Know your rights!
On the night of 7 June, Green and Black Cross legal observers reported that those who refused to give the police personal information were finally released from the kettle at 2am, without being arrested. GBC stated:
The kettle is over. Those that refused to give their details to the cops were let go. Big up the LOs [legal observers] on the ground who informed people of their rights and gave them the confidence to resist police bullying.
So knowing your rights is vital when you’re facing the police. Netpol and GBC have summarised the key points to remember when going on a protest:
1. No comment. You don’t have to talk to the police on the streets, if there’s a Stop and Search, or if you are arrested. Best to stay silent or reply with ‘no comment’. If arrested, say ‘no comment’ in interview until you talk to a good lawyer.
2. No personal details. Officers may try to get personal details. You are not legally required to give details, even in a Stop and Search, unless a specific power is used or a Fixed Penalty Notice is issued.
3. Under what power? If police ask you to do something, ask them if you are legally obliged to answer, and ‘under what power?’ If you aren’t obliged or they don’t answer, you don’t have to do it.
4. No Duty Solicitor. If arrested, do not use the solicitor on duty but get a lawyer experienced in protest law [see Netpol’s list of solicitors here].
5. No caution. Police often try to get people to accept a caution, which goes on criminal records. We recommend not accepting one unless a good lawyer recommends it. If you’re offered one, it’s because the police want you to take it – they are not doing you a favour.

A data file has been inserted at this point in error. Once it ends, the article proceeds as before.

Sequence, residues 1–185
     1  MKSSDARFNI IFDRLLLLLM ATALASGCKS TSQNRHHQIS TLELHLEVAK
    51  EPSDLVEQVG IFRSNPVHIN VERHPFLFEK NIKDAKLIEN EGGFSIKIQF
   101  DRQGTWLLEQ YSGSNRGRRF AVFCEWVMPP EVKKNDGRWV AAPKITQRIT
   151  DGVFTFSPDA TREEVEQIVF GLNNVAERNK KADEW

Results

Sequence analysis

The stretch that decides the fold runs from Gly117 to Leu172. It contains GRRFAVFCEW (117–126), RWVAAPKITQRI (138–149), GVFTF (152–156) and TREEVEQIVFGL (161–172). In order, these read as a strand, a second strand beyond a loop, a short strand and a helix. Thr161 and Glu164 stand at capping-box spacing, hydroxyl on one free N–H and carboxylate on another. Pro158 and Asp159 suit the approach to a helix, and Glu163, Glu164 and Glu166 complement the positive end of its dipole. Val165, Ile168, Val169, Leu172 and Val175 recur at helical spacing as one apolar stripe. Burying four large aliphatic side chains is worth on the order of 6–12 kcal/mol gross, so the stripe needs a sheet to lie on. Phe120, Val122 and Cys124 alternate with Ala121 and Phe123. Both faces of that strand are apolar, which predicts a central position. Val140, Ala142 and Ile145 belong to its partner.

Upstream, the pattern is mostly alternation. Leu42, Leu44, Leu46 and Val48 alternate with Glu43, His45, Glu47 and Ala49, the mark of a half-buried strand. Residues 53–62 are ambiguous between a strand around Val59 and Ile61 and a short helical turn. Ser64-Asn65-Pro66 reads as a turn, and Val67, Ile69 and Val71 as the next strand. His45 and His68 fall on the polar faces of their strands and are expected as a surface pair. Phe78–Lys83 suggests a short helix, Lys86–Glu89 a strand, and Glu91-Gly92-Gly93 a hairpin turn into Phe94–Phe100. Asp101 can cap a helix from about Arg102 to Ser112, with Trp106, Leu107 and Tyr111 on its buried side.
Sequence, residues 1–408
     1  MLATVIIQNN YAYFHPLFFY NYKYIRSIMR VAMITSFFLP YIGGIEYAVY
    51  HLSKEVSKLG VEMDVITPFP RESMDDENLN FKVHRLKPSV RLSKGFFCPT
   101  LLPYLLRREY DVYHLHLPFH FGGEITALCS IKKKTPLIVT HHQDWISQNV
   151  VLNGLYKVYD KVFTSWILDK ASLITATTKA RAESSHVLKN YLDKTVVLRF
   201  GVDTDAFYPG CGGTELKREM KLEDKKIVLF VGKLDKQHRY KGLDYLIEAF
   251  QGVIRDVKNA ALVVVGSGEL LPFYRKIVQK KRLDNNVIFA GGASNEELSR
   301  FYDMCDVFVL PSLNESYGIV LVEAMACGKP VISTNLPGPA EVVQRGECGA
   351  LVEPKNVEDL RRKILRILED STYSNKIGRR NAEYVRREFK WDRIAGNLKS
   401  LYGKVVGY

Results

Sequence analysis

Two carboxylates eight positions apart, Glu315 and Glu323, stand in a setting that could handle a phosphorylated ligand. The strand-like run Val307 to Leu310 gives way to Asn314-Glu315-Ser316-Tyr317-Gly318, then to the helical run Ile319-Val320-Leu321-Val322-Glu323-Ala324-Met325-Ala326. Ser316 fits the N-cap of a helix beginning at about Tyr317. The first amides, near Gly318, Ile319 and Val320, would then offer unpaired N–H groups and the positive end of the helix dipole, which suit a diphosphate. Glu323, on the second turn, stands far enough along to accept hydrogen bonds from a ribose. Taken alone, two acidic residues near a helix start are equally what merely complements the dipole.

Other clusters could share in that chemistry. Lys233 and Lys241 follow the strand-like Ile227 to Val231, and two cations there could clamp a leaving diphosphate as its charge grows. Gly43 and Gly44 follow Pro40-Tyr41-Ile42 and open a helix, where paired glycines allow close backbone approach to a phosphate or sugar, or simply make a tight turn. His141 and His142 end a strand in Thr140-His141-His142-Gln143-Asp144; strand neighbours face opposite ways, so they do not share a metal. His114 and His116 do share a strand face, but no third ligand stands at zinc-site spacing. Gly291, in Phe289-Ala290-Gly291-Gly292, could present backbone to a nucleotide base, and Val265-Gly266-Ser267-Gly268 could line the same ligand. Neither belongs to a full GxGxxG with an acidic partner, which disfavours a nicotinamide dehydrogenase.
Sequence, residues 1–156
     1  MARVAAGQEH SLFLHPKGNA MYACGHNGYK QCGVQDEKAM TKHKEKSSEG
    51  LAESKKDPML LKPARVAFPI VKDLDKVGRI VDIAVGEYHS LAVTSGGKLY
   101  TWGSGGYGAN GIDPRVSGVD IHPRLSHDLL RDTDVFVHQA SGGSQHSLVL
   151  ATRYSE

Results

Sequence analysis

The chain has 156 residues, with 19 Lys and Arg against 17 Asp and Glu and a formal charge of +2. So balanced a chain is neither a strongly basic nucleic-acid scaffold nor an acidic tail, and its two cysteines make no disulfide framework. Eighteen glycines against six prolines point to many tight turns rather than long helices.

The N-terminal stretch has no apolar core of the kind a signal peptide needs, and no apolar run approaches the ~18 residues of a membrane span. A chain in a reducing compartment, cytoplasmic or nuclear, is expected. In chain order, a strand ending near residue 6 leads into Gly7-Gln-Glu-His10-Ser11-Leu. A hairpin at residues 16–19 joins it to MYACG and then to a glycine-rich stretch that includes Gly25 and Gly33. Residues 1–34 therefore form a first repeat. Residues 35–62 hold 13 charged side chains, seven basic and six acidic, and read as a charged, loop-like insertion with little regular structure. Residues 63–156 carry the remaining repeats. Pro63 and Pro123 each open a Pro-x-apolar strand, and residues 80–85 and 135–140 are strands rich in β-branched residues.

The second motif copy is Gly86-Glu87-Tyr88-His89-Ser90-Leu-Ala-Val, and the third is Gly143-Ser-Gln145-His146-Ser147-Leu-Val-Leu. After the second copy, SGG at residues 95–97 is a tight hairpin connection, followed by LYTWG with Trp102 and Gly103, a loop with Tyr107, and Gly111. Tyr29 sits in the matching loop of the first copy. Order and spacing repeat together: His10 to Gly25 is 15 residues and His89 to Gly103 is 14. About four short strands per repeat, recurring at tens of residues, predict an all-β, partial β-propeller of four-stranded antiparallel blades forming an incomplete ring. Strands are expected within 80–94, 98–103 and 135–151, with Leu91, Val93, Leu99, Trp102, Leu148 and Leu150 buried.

But what about Coronavirus Law?
The Canary’s Emily Apple previously reported on the new Coronavirus Law. She stated that it’s still not an obligation to hand over personal details. She explained that:
In fact, there are no new police powers regarding handing over personal information. The only time this is required is if you’re “driving or if they have reason to believe that you have engaged in anti-social behaviour in a public place (which means causing people harassment, alarm, or distress)”. Additionally, if the police want to issue a fixed penalty notice then refusing to give your name and address could lead to arrest.
But sometimes knowing your rights isn’t enough
Mengesha is under no illusions that the police will act correctly, even if you know your rights. She told The Canary:
The behaviour by police towards BLM activists sends a deeply chilling message that all bets are now off – any pretence at civil liberties or human rights is indefinitely suspended… In any case, it often seems that the police just do what they want, regardless of the letter of the law, because they know that in most cases they will get away with it… They operate largely unaccountably and with the full protection of the state behind them. What is needed is not just excuses, individual scapegoats or handwringing promises to do better. It is lasting systemic and social change.
Featured image via Sky News/Screengrab